This source performed a study (humans) where they discovered that obese people typically have lower genetic diversity than lean people. Obese people who went on a low calorie diet had a higher genetic diversity at the end of the experiment than those who did not go on a low calorie diet, and obese people who continued to have a low genetic diversity gained significantly more weight over nine years. Lean people who went on a low calorie diet did not have a significant increase in microbiotic diversity compared to lean people who did not go on that diet. However, this correlation does not imply causation because some obese people have a high genetic diversity. Scientists believe that a low genetic diversity is linked to metabolic disorders, which could cause obesity, but that obesity in and of itself is not always caused by low genetic diversity.

Whenever you touch, breathe, or eat something, bacteria is entering your body and interacting with the native bacteria. So, when fat mice interact with skinny mice, it’s possible that the fat mice pick up diverse bacteria from skinny mice, contributing to their increase in microbiotic diversity, and when skinny mice interact with fat mice, they can’t lose genetic diversity but also have nothing really to gain from mice with low genetic diversity.

Conclusion: If you have a metabolic disorder, it could be beneficial to surround yourself with skinny people and eat low calorie foods because you’re more likely to absorb diverse types of bacteria while also storing less energy from food.

Echinacea’s Habitat Decline

The plant that is commonly used to treat flu and cold symptoms, Echinacea, is beginning to suffer from a disappearing habitat. A flowering plant part of the daisy familyEchinacea grows in central and North America in mostly dry, wooded areas. As one of the “top five” herbal remedies sold in retail stores, the coneflower is regarded as an American staple to relieve suffers’ of the cold and flu. However, their habitat is in decline from human activities, bees, and deadly aphids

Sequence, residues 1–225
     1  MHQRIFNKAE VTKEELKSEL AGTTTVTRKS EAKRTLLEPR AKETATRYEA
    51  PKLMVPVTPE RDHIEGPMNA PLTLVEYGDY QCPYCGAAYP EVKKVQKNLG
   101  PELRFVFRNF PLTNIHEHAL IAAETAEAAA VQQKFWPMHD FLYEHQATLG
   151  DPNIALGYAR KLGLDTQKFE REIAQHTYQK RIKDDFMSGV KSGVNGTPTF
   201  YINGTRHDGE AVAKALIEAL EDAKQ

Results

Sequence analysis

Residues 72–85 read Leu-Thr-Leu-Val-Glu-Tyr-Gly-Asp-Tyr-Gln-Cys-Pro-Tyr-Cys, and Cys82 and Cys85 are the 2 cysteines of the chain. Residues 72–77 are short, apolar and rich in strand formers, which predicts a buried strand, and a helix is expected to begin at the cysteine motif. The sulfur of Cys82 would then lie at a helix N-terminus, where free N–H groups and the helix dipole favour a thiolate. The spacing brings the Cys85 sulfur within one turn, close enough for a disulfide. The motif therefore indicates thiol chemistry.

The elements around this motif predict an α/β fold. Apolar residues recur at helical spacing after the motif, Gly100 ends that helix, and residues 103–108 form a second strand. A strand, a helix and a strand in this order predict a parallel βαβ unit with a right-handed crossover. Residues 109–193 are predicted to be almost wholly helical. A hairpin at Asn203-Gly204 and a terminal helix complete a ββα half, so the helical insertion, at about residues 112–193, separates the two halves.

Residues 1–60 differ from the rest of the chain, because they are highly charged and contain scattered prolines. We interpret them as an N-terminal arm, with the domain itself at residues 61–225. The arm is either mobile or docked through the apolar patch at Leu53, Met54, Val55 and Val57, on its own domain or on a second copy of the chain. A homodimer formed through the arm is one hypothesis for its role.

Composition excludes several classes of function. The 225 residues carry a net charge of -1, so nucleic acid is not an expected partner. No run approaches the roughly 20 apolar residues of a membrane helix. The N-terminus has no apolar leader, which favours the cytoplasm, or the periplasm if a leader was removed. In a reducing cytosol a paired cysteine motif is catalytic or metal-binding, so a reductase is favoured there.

EchinaceaPurpureaMaxima1a.UME          Certain human activities have caused wildlands to shrink and splintered the landscape. As one of the most endangered habitats in the world, tailgrass prairie is throughly studied by scientists in order to track how Echinacea reacting to its changing environment and they are also working to save these prairie patches.

Bees have been known by scientists to pollinate the coneflower plant, Dr. Wagenius says “A bee might have been able to fly across a hundred mile expanse of coneflowers. Could it still do that today? No way.” Pollination for these plants is not at all where it should be, as bees can only pollinate these plants up to short distances.

Coneflower plants are now becoming genetically related in the prairies. If a bee brings pollen to these different plant siblings, the plant may reject the pollen. Therefore, there are no new seeds and populations decrease. A new danger to the coneflower is aphids; they devour prairies of Echinacea. As well, scientists urge prairie farmers to set fire to habitats (since they are necessary to these ecosystems). By inducing the plant to flower, new genetic diversity may be reached.

Coral Reef Bleaching Puts Fish’s Ability to “Just Keep Swimming” in Danger

Coral reefs are vital sources of life for many sea creatures. The diversity of the underwater ecosystems surrounding coral reefs are, unfortunately, being put in danger because of coral bleaching. According to the National Ocean Service, coral bleaching is due in part by a process that is the result of damaged chloroplasts in coral cells which produce “toxic, highly reactive oxygen molecules during photosynthesis.” The main cause of this issue, is temperature; the coral respond to the drastic changes in temperature, whether they be hot or cold, by releasing the symbiotic algae that dwell in their tissues, which result in the coral taking on a white, “bleached” color.

Found on Flickr, Licensed under Creative Commons Licensing

Coral bleaching has both negative internal and external effects. Internally, the coral’s ecosystems are placed at risk because they “rely on live coral for food, shelter, or recruitment habitat.” This is a major issue, as we have the potential to lose certain, diverse, species that live off of and around coral reefs, which, in turn, could negatively influence the food chain. The external effect is that there will not be tourism revenue brought in from people who scuba dive to the coral reefs affected by bleaching. This is due to the fact that they will no longer be aesthetically appealing. Thus, leading to a negative economic state in tourism hot spots.

Unfortunately, the temperature of the Earth is out of human control, so there is little we can do to prevent coral bleaching, but we can use the rapidity of the bleaching as a marker to gauge the temperature of the world.